I came across an online book on Tripod entitled Suicide Bombers: The Psychological, Religious and Other Imperatives compiled by Mary Sharp. The book has an article in it by Ofed Grosbar called "The Drama of the Suicide Terrorist," which reads:
I found The Path to Paradise to be one of the best books that I have read in a long time. The language used and the writing style made for a read easy on the eyes, although the complexity of the ideas, history, and emotion forced me to take my time with each paragraph. I loved the conversational style mixed in with Berko's own experiences and interpretations, and the combination of the historical and cultural details along with the personal depth that Berko gained in her interviews compelled me to keep reading. Reading The Path to Paradise, I thought that Berko essentially spelled out who she is to us: she is a Jew from Israel who spent hundreds and hundreds of hours interviewing suicide bombers and their dispatchers.
I was curious to see what the reviews of Path to Paradise were like so I searched a little bit online to find some. Most of the reviews I found were very positive (because most of the ones I found were on sites trying to endorse sale of the book) but one I found particularly interesting was a Washington Times review:
The first chapter of the graphic representation of the 9/11 report struck me the hardest. Even though it wasn't constructed to elicit emotion (because it seemed to try to focus on the facts and not their emotional implications), I still found myself caught reliving the emotions of that day. I had a neighbor who worked in one of the twin towers; I was good friends (at the time) with his daughter, who is my age. I remember getting the news that he was lost, and I remember getting the news some days later that his torso had been found, wedding band still wrapped around his finger. Maybe the power of these first few pages is found in the fact that they are factual rather than anecdotal or personal or emotional.
Scene I: Computer Troubles.
We couldn't get the computer to work. It was straight-up G (that's a pun, because the "g" key was stuck down and we couldn't get a letter in edgewise). In light of this, J asked for reactions to Tarnation.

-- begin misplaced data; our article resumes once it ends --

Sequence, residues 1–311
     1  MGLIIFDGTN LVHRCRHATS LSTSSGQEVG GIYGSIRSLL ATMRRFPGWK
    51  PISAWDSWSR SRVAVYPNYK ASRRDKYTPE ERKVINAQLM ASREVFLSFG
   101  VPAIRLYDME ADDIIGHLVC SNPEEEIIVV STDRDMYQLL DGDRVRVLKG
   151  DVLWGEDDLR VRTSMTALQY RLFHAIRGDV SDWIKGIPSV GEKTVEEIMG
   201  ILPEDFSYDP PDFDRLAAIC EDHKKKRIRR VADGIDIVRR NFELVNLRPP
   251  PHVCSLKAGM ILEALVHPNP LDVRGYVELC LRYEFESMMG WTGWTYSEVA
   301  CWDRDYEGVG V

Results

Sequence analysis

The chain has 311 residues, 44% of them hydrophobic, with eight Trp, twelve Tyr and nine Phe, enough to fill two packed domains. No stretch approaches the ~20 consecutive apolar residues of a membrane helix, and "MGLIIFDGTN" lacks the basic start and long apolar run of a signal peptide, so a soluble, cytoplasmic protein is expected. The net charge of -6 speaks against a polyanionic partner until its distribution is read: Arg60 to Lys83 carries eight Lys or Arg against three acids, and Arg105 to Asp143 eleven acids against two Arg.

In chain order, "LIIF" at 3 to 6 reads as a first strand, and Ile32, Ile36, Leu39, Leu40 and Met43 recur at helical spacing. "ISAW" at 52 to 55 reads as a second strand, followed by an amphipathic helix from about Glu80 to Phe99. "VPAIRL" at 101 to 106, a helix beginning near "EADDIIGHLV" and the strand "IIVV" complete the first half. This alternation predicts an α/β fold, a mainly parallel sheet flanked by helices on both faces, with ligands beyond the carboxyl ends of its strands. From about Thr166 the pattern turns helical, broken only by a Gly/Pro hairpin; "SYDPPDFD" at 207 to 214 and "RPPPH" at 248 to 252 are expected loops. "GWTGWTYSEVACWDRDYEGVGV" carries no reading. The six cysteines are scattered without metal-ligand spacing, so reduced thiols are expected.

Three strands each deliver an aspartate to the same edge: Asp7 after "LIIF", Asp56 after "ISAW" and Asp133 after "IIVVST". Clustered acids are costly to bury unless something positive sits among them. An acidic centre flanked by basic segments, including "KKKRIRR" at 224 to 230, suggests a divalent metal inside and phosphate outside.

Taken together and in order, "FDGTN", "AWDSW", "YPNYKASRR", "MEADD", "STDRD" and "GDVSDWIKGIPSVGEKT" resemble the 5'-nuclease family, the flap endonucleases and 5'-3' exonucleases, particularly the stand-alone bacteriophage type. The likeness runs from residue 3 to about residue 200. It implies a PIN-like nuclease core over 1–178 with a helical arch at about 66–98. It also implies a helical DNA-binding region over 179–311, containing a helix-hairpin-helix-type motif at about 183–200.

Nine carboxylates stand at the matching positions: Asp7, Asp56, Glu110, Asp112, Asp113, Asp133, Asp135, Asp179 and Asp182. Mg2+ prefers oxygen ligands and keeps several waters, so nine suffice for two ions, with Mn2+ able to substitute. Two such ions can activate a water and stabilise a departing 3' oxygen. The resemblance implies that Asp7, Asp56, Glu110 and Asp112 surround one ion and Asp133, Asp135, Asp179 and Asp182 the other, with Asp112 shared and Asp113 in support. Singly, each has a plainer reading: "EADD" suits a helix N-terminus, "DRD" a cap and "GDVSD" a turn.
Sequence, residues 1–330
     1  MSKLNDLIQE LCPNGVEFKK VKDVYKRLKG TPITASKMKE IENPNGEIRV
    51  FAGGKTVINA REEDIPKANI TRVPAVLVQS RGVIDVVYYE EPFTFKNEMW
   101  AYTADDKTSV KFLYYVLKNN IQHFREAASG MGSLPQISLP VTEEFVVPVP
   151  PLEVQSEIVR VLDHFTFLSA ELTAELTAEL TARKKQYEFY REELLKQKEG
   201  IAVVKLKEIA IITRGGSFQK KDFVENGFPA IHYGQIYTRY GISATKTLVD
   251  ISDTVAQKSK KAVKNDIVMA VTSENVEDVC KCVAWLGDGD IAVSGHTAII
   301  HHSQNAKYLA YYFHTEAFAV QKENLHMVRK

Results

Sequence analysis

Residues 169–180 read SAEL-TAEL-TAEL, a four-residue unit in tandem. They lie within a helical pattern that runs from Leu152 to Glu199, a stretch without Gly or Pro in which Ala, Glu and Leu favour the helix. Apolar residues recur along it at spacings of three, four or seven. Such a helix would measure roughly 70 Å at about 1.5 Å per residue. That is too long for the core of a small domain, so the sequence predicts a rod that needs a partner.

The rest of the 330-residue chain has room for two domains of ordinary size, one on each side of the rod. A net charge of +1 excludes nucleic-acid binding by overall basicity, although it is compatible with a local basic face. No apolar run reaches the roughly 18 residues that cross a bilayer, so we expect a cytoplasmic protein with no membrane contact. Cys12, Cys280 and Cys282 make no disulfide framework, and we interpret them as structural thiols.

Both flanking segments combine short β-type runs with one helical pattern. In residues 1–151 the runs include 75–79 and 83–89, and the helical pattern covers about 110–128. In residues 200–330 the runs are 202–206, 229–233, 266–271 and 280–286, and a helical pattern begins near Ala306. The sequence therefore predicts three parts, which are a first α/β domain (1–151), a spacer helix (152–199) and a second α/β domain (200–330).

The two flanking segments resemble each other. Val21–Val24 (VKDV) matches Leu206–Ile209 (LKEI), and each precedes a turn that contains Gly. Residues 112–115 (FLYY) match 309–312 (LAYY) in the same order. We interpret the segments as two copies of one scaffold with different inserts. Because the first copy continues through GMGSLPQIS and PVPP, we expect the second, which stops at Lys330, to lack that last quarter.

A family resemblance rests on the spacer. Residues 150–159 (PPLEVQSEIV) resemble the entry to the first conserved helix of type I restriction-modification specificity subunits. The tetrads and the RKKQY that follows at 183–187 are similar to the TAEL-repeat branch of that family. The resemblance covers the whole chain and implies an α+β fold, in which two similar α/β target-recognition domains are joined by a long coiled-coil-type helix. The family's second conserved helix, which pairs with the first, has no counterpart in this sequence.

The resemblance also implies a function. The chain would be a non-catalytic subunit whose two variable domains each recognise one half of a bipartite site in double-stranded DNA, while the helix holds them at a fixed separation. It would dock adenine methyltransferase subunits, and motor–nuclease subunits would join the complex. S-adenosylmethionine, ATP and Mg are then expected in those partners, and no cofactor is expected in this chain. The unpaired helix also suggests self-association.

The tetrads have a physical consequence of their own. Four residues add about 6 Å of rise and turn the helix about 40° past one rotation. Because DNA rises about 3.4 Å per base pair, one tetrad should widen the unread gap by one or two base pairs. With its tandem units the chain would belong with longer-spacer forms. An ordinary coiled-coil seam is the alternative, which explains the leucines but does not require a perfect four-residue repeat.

J: It's scary and shocking.
I'm still watching the movie but I thought I would post some initial reactions. The introduction portion of the movie is one of the creepiest things I've watched in a long time. Since this portion is also one of the parts of the movie that really is a creation of art rather than a documentary, I think its really interesting that the creators of the film chose to introduce the movie in this way. Flashing images of people and playing eerie music sets up the film as a kind of real life horror story. I'd be really interested in knowing how much of this documentary was part of Jonathan Caouette's initial idea for the film and which parts were added as a result of input from other directors.
An interesting question came up in my group yesterday when I was talking about the value of both the Merriam-Webster online dictionary and the Urban dictionary. Which one would I choose to reference from here on out if I could only have one?
My first answer was obviously M-W, because it's universally accepted as a credible English dictionary. The definitions are strictly factual, and quite limiting in their meanings. It's difficult to place the words in context. When studying for the SAT a few years ago, I spent a lot of time looking at dictionaries, and even if I had a word's definition memorized, I lacked a thorough understanding of it because there was almost no context to look at. So conversationally, M-W doesn't do much for me.
Fingo, Fingere, Finxi, Fictus - v., 3rd conj., "pretend, feign, disassemble."; from the Proto-Indo-European word meaning, "to mold."
In Latin, words do not have a direct translation. Instead they have "senses." For example, the "sense" of the adjective, "honestus" is "honorable" or "commendable"; either "honorable" or "commendable" would be an appropriate translation of "honestus", depending on context. Context determines the meaning of a word; words have no concrete meaning on their own - they only have "senses", the innate properties that mean nothing without surrounding verbal framework.
When I started reading a little bit about the reaction to the War of the Worlds broadcast (I haven't watched F for Fake yet) I was REALLY surprised by the alleged hysteria over the broadcast. Apparently The Radio Project which is a social research project on the effects of mass media on society found that of the approx. 6 million people who heard the broadcast about 25% of them thought it was real and that most of the people who panicked in response to the broadcast thought it meant that there was an invasion by the Germans. Anyway...this might be brought up in the documentary but I look forward to seeing the depiction of these reactions in the film.
What's working? Well, we all seem to be able to work cooperatively, especially online. I like how our class is able to feed off of each other's ideas on the course forum. Actually, I'd say that what works most in this course is its heavy use of an online community. By posting online, whether it be the webpapers or a weekly posting, I have found that my attitude toward writing has shifted. No longer do I write for a professor - I'm writing for something more global. My writing is about conversation, about involving as many people as I can in a dialogue. And even more exciting, that dialogue has a chance to cross from the virtual world into reality as my classmates respond to what I've posted.